Your employee value proposition must match or be near your competitors.
Simply said, some companies are just not compensating enough. That’s part of the reason why there are worker shortages in low-paying jobs like school bus drivers and restaurant and delivery workers. People are looking closely at the hours required and the wages and benefits offered and choosing carefully. If you are not an employer of choice, staying in business may be a challenge. Will there be upward pressure on prices? Yes, and as a society, it looks like we’re entering a phase of modest inflation.
Collaboration must be intentional.
Many employees feel most engaged — and will even accept less than the highest wages — if they feel involved in the company. Focus on three things: First, supervisors should communicate regularly with their team, getting to know individuals and what’s going on in their lives; second, establish a clear strategic direction for the organization, and make sure everyone knows how their contribution helps accomplish the mission; and third, offer feedback with the intent to encourage and improve, not reprimand or belittle.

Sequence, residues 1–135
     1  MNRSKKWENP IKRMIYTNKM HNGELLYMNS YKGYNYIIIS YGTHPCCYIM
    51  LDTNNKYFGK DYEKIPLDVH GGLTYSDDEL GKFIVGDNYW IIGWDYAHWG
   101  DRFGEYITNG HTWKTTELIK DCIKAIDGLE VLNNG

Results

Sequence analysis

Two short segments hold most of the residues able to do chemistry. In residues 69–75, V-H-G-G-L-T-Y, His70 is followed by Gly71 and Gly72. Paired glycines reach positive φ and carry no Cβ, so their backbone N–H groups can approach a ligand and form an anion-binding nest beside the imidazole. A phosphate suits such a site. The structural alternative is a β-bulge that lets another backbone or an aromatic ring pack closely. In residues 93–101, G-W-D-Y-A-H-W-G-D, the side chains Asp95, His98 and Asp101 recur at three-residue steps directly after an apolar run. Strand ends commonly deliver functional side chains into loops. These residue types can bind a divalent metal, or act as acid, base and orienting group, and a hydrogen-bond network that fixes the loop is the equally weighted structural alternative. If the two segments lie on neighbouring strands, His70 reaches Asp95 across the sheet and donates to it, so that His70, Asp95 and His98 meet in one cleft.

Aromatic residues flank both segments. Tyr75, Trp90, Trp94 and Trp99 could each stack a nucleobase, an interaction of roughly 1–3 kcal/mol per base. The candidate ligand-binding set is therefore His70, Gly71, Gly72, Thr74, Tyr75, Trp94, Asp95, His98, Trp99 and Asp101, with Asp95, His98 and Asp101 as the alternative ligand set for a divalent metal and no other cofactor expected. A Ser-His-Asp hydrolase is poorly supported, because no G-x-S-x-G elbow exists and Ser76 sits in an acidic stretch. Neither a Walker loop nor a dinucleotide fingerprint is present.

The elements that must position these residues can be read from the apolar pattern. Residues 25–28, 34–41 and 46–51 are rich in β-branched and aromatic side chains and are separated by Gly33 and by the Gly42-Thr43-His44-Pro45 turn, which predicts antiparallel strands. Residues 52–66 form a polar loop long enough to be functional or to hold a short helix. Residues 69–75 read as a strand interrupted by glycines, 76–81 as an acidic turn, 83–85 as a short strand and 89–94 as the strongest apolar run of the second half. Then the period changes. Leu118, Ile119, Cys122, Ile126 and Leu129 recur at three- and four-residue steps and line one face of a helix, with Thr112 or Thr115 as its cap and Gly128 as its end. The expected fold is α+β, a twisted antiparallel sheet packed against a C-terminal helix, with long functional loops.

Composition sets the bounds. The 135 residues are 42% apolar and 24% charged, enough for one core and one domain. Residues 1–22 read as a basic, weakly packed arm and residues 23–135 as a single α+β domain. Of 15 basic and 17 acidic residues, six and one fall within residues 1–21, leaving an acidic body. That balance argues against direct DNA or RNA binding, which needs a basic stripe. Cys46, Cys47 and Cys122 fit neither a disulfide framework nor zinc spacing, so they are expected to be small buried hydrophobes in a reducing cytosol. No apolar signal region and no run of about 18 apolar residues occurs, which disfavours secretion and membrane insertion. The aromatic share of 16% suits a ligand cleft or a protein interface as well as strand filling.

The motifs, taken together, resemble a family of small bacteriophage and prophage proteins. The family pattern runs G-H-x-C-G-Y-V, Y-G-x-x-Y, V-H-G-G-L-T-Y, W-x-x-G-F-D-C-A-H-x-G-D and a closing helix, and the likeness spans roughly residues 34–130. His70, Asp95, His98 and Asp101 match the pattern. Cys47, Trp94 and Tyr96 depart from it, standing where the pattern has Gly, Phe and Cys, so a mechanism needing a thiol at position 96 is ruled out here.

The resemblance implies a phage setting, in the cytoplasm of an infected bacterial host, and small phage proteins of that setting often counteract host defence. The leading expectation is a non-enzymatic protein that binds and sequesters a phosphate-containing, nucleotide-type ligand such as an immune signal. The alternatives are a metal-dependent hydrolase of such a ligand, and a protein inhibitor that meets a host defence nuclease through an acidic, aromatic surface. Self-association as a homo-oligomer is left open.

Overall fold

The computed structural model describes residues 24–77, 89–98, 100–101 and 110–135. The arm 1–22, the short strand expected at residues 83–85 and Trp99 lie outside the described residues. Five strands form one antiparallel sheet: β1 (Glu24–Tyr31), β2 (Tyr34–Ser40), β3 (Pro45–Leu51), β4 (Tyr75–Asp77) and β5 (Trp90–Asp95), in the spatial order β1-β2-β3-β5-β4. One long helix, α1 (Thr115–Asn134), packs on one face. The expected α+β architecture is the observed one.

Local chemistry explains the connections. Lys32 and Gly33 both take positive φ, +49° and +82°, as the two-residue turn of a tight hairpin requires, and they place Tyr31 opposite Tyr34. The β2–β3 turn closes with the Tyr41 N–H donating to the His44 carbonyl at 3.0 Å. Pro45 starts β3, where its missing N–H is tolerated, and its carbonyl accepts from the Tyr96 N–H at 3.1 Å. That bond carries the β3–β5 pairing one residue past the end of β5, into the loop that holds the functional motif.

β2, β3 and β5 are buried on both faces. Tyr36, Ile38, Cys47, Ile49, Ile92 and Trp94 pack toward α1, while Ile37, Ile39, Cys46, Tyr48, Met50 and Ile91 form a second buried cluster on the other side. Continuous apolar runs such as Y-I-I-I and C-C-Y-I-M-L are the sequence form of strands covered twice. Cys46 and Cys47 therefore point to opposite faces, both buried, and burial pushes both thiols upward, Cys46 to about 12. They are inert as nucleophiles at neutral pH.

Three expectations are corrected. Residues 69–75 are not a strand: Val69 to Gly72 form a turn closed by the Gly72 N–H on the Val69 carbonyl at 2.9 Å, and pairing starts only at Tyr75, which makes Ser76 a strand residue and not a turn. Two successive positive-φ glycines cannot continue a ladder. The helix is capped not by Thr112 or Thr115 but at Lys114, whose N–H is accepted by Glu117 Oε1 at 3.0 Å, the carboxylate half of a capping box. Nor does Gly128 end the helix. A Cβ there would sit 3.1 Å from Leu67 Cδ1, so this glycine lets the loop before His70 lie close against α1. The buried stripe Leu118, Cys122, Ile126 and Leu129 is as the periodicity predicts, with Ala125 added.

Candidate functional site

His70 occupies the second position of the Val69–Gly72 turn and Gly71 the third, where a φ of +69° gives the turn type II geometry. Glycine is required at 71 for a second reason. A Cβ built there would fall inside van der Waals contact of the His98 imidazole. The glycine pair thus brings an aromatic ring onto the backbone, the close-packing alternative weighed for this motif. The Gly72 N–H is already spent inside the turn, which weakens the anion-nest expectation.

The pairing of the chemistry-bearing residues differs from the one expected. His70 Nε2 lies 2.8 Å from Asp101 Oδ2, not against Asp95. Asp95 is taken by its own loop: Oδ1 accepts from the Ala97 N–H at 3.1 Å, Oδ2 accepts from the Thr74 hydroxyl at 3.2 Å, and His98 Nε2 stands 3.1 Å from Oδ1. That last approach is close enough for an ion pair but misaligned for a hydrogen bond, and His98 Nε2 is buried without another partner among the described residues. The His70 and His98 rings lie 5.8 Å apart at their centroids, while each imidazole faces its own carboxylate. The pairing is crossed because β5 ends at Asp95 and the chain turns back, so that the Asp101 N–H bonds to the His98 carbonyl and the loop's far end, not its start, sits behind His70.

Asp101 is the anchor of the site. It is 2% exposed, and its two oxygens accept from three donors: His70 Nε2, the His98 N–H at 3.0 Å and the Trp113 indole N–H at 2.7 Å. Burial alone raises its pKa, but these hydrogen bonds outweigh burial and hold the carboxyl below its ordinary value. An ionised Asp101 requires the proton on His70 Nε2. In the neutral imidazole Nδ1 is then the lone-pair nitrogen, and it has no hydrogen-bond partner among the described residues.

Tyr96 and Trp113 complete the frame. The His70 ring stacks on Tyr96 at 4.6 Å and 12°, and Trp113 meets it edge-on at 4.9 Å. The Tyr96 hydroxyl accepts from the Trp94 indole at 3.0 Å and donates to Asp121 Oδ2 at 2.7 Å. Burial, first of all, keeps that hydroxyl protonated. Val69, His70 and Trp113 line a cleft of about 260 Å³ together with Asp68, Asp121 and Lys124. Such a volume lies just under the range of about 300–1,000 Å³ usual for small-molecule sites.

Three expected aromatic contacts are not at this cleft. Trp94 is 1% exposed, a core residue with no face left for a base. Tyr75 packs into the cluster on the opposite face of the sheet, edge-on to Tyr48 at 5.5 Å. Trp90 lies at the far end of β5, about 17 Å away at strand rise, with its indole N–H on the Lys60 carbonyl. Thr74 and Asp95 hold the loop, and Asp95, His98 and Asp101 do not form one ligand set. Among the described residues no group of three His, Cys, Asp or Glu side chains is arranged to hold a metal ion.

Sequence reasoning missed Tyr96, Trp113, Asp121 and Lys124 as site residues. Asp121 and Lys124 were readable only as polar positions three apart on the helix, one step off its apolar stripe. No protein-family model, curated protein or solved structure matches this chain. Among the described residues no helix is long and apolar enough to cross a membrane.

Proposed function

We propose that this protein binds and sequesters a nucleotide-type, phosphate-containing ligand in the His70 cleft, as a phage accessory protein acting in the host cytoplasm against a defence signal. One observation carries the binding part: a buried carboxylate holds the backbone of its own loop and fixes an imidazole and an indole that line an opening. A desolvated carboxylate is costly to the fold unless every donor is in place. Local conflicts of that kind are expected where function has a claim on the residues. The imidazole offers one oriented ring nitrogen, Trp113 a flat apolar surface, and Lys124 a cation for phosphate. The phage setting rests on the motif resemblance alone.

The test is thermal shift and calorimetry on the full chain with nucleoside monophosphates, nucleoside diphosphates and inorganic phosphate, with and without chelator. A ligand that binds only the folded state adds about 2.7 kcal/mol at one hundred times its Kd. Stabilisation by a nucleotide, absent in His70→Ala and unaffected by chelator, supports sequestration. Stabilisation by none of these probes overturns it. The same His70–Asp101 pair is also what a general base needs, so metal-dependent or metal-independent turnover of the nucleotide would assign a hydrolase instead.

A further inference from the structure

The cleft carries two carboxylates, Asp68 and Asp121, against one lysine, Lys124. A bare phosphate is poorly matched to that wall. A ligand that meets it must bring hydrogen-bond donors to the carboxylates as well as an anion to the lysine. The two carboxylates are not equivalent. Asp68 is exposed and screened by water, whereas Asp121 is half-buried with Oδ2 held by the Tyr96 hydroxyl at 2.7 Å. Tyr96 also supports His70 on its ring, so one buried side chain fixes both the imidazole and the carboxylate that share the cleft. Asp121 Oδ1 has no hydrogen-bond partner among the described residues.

Many younger employees expect flexibility.
Many of the best organizations are carefully evaluating their need for in-person working and offering flexible schedules. This doesn’t mean everyone works from home; on the contrary, many employees want to work in the office. Evaluate your needs and remake the organization accordingly. For those who can work remotely while maintaining productivity and engagement, let them. Schedule all-hands days where everyone comes into the office to collaborate. Recognize it doesn’t have to happen every day. In my office, we were more productive during the pandemic because we engaged with staff frequently and planned better. My personal goal is to maintain that positive vibe and output.
Workplace stress is real, and managers must address it instead of causing it.
Some employees are hesitant or anxious about returning to the office for various reasons. They might be able to handle being in the office if the rules are reasonable and followed. But it is not their job to maintain balance in the workplace; that responsibility rests on management. If you do not take issues seriously, your company is likely creating extra stress. Take an honest look at your company culture and practices, get your management team on board and be accountable for creating a positive work environment.
The future holds many options, accelerated by innovation.
Because we changed so much, so fast, everyone can see what we’re capable of. The use of gig workers may grow. Staff will likely receive some office accessories in their homes. I think commercial real estate will suffer, as will nearby restaurants that supported worker lunches and business dinners. Cost savings abound and will shift. We need to stay on top of these changes to improve efficiency and grow the bottom line.
Forbes Business Council is the foremost growth and networking organization for business owners and leaders. Do I qualify?